First and last

Why make the first workers wait until after the last ones?

Well, I think it’s all about the way in which Jesus turns our ideas about first and last on their head.

In human terms it’s the powerful, the influential, the rich, the skilled and the talented who are looked up to and treated as successes.

But in God’s eyes the first are those who don’t have any of those human advantages but come to him with love and faith and do what they can with the opportunities they have – how ever big or small they are.

But in the end it doesn’t matter because, from first to last, and last to first, all will be welcomed, rewarded and loved when the time comes to finish our work and rest with God.

So yes, this parable is a bit like cod liver oil, but if we can swallow it then it will do us all good.

How to deal with conflict

A sermon preached on 6th September 2020

Matthew 18.15-20


Imagine two friends in a church far away. Let’s call them Andrea and Louise.

Andrea and Louise used to spend a lot of time together.

They came to church together, had meals at each other’s houses, went on days out, talked and laughed.

Sometimes they had an argument or a misunderstanding, but they always made it up quickly.

Now though, they don’t talk at all.

They won’t even look at each other.

Worse, they talk about each other in unkind ways.

This is making life difficult for others in the church because they’re causing an atmosphere of tension and distrust.

Andrea and Louise, though, can’t let go of this falling-out.

Instead of talking to each other like they used to do they make accusations and snide remarks to others, hoping to get people on their side.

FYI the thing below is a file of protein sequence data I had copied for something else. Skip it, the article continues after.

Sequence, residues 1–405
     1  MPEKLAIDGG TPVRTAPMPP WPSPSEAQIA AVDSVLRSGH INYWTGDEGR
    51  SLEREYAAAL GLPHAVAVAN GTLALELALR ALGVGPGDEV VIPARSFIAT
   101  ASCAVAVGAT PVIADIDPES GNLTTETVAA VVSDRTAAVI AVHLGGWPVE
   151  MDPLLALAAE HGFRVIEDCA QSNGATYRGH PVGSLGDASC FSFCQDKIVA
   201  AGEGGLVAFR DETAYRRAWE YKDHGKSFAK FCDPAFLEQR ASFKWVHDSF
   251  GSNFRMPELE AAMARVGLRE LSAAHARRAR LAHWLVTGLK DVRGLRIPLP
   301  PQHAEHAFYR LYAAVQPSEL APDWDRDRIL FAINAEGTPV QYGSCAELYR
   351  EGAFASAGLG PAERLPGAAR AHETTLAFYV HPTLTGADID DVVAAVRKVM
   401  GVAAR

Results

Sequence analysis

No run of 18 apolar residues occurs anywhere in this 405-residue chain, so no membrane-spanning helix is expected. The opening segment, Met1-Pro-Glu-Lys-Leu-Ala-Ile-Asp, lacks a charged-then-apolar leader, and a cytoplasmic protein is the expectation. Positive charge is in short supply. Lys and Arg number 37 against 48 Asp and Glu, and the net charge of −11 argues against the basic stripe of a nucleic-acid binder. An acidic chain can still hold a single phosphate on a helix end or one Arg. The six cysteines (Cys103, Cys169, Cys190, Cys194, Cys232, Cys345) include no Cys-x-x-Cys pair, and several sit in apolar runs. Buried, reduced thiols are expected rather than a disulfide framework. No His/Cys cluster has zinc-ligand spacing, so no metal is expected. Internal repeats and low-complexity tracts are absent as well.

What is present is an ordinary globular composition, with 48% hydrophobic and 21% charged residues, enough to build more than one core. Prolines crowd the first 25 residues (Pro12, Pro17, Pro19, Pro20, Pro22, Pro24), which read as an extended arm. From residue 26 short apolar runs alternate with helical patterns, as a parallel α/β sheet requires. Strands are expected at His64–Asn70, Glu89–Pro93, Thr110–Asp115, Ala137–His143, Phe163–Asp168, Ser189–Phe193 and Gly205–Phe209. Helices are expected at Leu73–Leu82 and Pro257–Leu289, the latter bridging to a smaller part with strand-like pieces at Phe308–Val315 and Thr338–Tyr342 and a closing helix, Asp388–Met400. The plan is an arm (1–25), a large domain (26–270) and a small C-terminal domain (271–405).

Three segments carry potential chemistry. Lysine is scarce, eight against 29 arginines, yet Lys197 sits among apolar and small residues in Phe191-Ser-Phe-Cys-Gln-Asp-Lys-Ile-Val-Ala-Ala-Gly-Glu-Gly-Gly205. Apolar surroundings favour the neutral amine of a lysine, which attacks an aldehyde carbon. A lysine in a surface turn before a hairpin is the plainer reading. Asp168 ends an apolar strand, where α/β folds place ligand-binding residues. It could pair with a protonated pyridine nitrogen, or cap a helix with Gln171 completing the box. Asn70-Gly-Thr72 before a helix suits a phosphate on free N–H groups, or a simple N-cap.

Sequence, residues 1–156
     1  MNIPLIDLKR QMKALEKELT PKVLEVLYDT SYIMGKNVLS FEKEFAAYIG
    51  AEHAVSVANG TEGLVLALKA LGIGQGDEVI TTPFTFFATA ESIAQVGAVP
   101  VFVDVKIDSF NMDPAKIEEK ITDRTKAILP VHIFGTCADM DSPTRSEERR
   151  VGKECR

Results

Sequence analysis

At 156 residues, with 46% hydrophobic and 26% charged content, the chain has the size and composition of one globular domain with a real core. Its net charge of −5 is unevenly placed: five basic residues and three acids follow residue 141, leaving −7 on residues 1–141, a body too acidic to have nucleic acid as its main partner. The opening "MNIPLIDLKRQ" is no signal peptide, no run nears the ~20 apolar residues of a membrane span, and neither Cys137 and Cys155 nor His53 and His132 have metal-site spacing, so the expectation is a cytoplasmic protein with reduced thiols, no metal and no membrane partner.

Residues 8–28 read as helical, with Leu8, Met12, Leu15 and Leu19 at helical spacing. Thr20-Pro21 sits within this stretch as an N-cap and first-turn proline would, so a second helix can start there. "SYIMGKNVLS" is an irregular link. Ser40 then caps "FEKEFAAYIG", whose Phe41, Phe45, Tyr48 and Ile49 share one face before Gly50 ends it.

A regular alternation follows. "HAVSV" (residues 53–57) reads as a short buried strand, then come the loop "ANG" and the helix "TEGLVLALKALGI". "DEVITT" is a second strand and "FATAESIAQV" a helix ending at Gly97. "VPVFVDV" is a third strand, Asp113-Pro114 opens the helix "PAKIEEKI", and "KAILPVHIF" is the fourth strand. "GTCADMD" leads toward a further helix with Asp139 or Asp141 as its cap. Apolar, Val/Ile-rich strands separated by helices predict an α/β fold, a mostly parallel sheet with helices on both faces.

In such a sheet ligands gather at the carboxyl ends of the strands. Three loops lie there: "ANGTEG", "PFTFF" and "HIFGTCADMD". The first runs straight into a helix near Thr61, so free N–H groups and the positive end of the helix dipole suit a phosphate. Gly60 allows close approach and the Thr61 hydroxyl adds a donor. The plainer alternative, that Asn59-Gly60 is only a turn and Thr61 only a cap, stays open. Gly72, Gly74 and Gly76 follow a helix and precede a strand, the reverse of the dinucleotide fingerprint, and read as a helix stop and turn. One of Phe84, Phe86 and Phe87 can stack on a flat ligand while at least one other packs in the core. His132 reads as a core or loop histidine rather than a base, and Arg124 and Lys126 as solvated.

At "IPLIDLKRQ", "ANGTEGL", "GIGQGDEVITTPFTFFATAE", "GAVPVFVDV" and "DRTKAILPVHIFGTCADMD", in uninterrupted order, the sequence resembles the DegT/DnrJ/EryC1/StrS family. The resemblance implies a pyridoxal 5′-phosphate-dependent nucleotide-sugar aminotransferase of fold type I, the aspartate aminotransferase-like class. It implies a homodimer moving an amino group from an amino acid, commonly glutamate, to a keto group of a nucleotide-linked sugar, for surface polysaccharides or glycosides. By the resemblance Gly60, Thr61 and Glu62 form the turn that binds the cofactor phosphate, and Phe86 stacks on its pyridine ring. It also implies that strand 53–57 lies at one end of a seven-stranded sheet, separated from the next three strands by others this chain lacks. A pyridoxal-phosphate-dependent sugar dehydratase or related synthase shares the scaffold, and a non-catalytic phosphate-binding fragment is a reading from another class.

This is leading to divisions and drawing others into their argument.

Some in the church want to ignore it in the hope that it’ll blow over, but instead the problem is just festering.

Others want to boot one or both out of the door until they come to their senses, but this seems harsh.

No-one is prepared to talk openly about what’s going on.

If only Andrea and Louise, or someone else in the church, could apply the words we’ve heard from Jesus today.

Conflict management – step 1

Jesus teaches us that when we have a problem with another person the answer is not complaining to everyone else, ignoring it or trying to shove the problem elsewhere.

Rather, the answer is the much more difficult but also much more rewarding task of sitting down with that person and talking through the issues.

This takes honesty, and a willingness to listen and not be defensive, but it’s the best path to reconciliation.

It might turn out that this great issue was a misunderstanding, or something said in a moment of stress without really meaning it.

I’ve had at least one experience where a small misunderstanding led to a huge rift when it could’ve been sorted out with a proper conversation.

In contrast, I’ve also had an experience where talking through a misunderstanding strengthened a relationship.

Step 2

Sometimes, though, hurts go deep, and we need help from someone else to sort through it all.

So, Jesus suggests a sort of mediation process, where wise and understanding people join in with the discussion to give another perspective.

They may be able to find a way through that those directly involved can’t see.

An issue came up in a place I used to work between two people that would have benefitted from mediation.

Sadly, those in charge, for unknown reasons, blocked it, causing one of the people involved to resign.

If mediation had happened those two might still be working together now.

Step 3

But what if even that doesn’t work?

Well then the wider church community needs to be called in.

This issue between Andrea and Louise is hurting everyone.

It’s upsetting the life and witness of the church, and if they and a few good friends can’t resolve it then more help is needed.